Since the retirement of all four battleships with a total of 36 16-inch (406mm) guns, the US Navy is left with small 5-inch (127mm) guns (below) on today's cruisers and destroyers for naval surface fire support. Although some money is provided for research each year to quiet the Marines and other critics, other Navy programs always take priority when it comes to providing large sums for procurement.
The US Navy planned to equip its future destroyers with a 155mm naval gun that promised a range of 60-100 miles. This failed as the new 155mm (6.1 inch) guns mounted on the Zumwalt class have a range of less than 30 miles, and the rocket propellant needed to reach this far and the guidance system leaves little room for explosives in the projectile. The Navy tested a 5-inch (127mm) Extended Range Guided Munition (ERGM) for a decade with poor results. Its projectile was mostly guidance and rocket propellant, so it had room for only 19 lbs of submuntions at a cost of $50,000 a round. ERGMs may be useful against a few high-value targets, but are too expensive for general use, their GPS guidance can be jammed, and their warhead is far too small.
As a result, the 155mm gun launches a $100,000 missile with just 24 lbs of explosive. Since the Navy recently limited the Zumwalt class to three and returned to buying Burkes with 5-inch (127mm) guns, it is unclear if the Navy will foolishly retain 155mm guns on just three ships with a training and parts pipeline along with an entire class of 155mm ammo, which is not compatible with 155mm ammo used by the Army and Marines.
The solution is for the Navy to modernize the proven Mk-71 8-inch (203mm) gun. This gun was successfully tested aboard the USS Hull in the 1970s (below). Although the shock and the weight of the MK-71 strained that ship, the newer DDG-51 Arleigh Burke class destroyers are twice its size. A Navy study determined they can fit a modernized MK-71 on the Burkes, but the Navy shelved this opportunity in favor of a 155mm missile launcher called a gun.
The MK-71 8-inch gun can deliver the firepower of three 5-inch guns, and much longer ranges are possible by procuring the MK-63 8-inch projectile. This was an upgraded German "Arrow" projectile from WWII, with a long, pointed nose and a sabot sleeve that achieved a range of 41 miles when fired during the Vietnam conflict. However, an improved aerodynamic shape called "base bleed" later developed by Dr. Gerald Bull for 175mm projectiles can add a few more miles by reducing drag. The MK-63 projectile weighed 115 pounds (the average 8-inch HE round weighs 260 pounds) and was used against Viet Cong base camps deep in the interior of the country with good success. Unfortunately, the Navy did not fully develop the round combination (projectile and powder) and the resulting range error was about 250 yards, which is outside the lethal effect of the round. By simply determining a better powder match to the projectile the Navy could have cut that range error down to around 80 yards. Multiple rounds can reduce this error considerably to meet engagement requirements.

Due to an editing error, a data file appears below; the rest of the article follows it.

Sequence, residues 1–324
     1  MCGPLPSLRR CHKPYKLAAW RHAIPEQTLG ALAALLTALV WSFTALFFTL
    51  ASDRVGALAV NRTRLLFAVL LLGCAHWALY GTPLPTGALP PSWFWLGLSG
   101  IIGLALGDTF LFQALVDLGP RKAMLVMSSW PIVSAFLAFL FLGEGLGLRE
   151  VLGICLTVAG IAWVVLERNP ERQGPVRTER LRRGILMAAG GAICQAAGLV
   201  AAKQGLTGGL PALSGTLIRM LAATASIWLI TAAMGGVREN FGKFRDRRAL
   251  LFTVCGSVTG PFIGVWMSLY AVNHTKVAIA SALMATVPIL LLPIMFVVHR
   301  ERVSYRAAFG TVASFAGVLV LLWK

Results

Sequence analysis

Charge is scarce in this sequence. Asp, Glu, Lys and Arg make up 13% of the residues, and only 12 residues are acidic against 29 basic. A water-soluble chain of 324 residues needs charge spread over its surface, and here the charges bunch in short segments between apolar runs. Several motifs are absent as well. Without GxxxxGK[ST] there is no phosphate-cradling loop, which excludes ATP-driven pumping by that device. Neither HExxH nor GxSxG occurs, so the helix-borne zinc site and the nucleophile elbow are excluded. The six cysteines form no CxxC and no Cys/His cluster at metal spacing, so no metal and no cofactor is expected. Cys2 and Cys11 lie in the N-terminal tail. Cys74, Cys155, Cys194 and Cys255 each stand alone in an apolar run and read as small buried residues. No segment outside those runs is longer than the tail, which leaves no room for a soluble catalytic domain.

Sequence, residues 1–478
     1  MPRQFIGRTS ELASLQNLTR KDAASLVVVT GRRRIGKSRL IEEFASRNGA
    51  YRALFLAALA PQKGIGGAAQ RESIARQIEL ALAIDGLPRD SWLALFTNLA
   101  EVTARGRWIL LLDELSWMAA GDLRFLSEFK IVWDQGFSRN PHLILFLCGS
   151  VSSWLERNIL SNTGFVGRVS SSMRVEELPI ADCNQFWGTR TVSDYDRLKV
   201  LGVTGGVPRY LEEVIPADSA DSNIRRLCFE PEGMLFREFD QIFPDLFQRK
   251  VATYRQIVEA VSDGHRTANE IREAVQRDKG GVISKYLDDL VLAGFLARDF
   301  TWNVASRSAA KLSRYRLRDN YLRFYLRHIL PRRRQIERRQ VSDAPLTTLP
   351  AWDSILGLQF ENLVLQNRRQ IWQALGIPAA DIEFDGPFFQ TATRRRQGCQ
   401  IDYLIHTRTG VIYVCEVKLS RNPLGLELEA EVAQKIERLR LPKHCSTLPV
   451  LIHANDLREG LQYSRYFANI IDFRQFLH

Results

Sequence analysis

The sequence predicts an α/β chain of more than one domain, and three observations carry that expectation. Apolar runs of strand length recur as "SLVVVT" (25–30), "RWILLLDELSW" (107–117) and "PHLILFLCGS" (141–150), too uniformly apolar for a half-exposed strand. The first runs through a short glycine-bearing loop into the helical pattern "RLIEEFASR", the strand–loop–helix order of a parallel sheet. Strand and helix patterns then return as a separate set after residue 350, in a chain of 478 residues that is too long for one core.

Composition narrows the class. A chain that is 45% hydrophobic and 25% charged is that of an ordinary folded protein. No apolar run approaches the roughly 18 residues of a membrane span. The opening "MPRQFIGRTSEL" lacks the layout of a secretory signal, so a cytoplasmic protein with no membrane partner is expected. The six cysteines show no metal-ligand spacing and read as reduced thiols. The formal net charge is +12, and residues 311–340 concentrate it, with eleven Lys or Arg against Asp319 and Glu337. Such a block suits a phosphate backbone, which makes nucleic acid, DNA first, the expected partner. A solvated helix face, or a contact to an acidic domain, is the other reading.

This 8-inch projectile provides triple the range of 5-inch guns at considerably less cost than any weapon proposed today. Naval gunfire is needed to provide FIREPOWER to blast enemy defensive positions. An MK-71/60 firing twenty 8-inch rounds within one minute can provide far greater firepower at a far lower cost than expensive guided munitions. This is important because the exact location of the enemy is often unknown, so guns blast suspected locations.
The Navy should incorporate an 8-inch gun into the design of future destroyers and cruisers and begin procurement of 8-inch guns to backfit on the Burke class destroyers. The Navy does not need to research this subject, it needs to buy MK71/60 8-inch guns. To ensure support, 5-inch and 8-inch replica shells should be placed on display in Pentagon and Congressional corridors so decision makers can see why 260 lb 8-inch rounds can provide 350% more firepower than the small 70 lb 5-inch round. (above) More details about this gun can be found in two articles published in the US Naval Institute's Proceedings: Nov '92 p.104 and Nov '94 p.94